52 views

What is the difference between “domain” and “register”? [closed]

It seems like "domain" is a broad categorization of context (e.g. workplace, academia) and register is the specific set of rules which are expected by those speaking in a certain domain. Is this right?...
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1answer
90 views

What could be the antonym to the word “hyperonym”?

Is the "hyponym" an antonym to the word "hyperonym"? In the sense of the terms themselves, this is true, but does the difference in terms apply to antonyms? The subset that defines the hyponym and ...
3
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2answers
121 views

How do you call a languages tendency to adopt foreign words rather than translate them to their language?

One difference between Mandarin Chinese and Japanese is that the former likes to translate foreign terms, while Japanese prefers to transcribe them to Japanese. E.g. Basketball: Mandarin Chinese: 篮球 (...
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1answer
53 views

'Interstitial' tones in Thai

You don't have to listen to authentic Thai for very long to realize that comparatively few words are pronounced with the dictionary tone. All the learning material out there seems to be focused on ...
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0answers
60 views

Word with separate translations in another language

Is there a name for the linguistic phenomenon of a word in language or dialect X with two or multiple meanings that have individual translations in language or dialect Y? For example, escada in ...
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0answers
93 views

Do English passive verbs assign case? (Government and Binding Theory)

I'm trying to think things through regarding case and passive verbs, within the framework of Government and Binding Theory. As starting point, I'll use this statement/principle (based on what I've ...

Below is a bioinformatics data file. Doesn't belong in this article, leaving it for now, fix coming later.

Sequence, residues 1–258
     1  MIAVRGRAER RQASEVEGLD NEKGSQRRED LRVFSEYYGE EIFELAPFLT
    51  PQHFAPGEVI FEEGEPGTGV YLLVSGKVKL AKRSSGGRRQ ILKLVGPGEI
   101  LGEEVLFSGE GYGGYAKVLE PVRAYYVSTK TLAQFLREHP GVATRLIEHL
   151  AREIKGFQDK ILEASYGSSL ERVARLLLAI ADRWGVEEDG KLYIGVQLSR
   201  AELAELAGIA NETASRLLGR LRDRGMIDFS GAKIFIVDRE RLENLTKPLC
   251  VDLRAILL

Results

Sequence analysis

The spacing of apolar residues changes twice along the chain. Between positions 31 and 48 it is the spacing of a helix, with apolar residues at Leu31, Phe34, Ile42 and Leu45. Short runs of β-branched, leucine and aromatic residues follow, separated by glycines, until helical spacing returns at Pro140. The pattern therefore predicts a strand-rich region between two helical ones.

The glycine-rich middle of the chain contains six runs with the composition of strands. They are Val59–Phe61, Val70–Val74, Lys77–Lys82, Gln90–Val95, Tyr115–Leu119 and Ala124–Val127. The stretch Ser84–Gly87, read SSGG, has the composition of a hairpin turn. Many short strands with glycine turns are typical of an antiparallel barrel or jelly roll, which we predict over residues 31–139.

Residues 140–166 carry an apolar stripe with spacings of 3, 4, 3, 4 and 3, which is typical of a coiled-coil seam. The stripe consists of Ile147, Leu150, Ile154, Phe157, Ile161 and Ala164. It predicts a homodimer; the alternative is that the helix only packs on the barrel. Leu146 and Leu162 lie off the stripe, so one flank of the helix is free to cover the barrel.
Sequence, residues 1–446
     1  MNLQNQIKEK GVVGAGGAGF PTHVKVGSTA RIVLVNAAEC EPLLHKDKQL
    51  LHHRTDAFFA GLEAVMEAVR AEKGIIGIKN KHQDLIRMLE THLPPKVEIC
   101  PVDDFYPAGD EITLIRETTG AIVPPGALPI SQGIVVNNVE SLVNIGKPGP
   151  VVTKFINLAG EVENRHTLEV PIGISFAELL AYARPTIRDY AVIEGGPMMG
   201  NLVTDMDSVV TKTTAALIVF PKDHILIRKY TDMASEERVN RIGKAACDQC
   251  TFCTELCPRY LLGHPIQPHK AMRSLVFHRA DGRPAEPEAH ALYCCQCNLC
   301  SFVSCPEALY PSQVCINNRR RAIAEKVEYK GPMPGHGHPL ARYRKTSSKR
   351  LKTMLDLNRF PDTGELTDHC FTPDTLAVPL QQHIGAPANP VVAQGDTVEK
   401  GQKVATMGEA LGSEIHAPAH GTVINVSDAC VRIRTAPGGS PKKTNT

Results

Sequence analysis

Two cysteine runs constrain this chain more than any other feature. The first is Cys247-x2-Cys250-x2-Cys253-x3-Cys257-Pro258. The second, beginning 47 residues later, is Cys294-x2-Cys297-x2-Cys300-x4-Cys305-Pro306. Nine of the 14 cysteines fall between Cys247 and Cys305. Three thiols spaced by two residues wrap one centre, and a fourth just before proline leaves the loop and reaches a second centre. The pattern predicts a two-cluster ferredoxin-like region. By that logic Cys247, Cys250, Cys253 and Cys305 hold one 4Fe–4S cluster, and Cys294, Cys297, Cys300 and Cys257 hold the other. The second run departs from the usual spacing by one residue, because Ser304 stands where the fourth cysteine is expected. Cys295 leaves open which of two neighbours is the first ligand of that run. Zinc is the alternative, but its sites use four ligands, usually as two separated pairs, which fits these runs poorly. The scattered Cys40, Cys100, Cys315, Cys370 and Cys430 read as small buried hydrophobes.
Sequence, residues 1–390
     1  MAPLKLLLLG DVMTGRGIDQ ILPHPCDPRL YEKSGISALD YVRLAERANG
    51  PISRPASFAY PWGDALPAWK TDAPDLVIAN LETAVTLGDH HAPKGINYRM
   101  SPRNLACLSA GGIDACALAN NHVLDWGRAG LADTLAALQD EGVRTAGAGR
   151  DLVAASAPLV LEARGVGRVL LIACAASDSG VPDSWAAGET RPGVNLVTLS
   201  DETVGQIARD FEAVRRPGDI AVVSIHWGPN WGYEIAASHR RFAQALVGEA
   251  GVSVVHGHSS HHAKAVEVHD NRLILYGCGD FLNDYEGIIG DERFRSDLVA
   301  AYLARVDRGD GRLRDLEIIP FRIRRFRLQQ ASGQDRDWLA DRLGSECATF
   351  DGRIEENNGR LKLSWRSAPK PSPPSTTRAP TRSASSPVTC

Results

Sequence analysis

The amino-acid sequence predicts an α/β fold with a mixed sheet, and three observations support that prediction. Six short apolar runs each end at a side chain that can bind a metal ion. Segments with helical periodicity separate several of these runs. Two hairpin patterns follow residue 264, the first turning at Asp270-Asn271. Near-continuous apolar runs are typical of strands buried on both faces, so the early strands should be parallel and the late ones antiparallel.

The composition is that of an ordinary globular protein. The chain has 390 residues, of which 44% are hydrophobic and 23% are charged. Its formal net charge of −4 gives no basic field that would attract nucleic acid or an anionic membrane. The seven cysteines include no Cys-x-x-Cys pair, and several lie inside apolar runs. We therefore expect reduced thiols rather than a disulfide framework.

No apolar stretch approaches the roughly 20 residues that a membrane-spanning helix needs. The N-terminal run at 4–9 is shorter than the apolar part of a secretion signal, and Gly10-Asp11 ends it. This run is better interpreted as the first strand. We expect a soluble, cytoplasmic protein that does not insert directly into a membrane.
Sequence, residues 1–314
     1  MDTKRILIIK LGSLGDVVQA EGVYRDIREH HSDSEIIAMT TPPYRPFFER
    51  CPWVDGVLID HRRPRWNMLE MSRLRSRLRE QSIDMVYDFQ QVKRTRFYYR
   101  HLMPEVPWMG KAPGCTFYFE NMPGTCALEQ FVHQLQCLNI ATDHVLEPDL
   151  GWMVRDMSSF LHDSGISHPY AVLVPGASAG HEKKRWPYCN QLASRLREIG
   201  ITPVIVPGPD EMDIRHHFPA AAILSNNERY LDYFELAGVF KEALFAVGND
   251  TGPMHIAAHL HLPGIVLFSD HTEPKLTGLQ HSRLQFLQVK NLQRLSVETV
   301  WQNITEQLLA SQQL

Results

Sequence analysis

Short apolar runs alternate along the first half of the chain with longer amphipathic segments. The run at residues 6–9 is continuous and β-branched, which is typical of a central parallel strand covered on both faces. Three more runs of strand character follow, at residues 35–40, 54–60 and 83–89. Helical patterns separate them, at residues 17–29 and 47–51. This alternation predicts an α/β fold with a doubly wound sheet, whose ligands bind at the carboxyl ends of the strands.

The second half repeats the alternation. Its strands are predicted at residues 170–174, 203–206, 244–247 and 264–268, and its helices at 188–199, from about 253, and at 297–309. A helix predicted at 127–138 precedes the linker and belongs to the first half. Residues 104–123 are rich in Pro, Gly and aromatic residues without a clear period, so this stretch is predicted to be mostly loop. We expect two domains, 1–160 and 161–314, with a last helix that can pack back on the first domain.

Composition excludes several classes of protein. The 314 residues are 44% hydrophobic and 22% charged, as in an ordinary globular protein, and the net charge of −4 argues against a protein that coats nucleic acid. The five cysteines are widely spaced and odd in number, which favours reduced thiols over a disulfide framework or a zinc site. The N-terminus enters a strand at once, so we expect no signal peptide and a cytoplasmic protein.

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2answers
49 views

Metalanguage to describe expressing an idea in many different ways

I am looking for a term to describe expressing an idea in many different forms yet the meaning remains the same in each rendition. An example of this: The Australians, Australians, the Australian ...
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1answer
77 views

Does (or should) the terms “spoken language” and “speech” include signed language?

And if not, is there a term, accepted by both the Deaf and linguistic communities, that includes both spoken and signed language, in contrast to written language? Reputable linguistic sources, ...
1
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1answer
56 views

What do you call the revival of an obsolete word for a new meaning

Let's say carrot for a shade of orange. Suppose carrot is not used for the color and I wanted one to describe the vegetable's color. So, I revive the displaced more for the color. What do you call ...
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2answers
56 views

What is the technical term for alternative spellings?

If two subcultures use the same realization (pronunciation) of the same word form (particular inflection of a word) but spell it differently, what is the technical term for the alternative spellings? ...
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1answer
28 views

Are alternative pronunciations (with or without alternative spellings) different word forms from each other?

On another question a linguist told me that linguists define word forms by their phoneme sequence rather than their grapheme sequence. This makes me wonder: Are the spoken words going and goin' the ...
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0answers
57 views

Ontology of logogram, pictogram and ideogram

Is it fair to say that a pictograms are a subset of ideograms which are a subset of logograms? What is an example of an ideogram that is not a logogram or pictogram?
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1answer
65 views

Is each definition of a word a separate lexeme?

I read the Wikipedia entry for 'Lexeme' but I wasn't able to make out a clear answer to this question. I'm interested in knowing the answer for both related and unrelated senses of a word. I'm under ...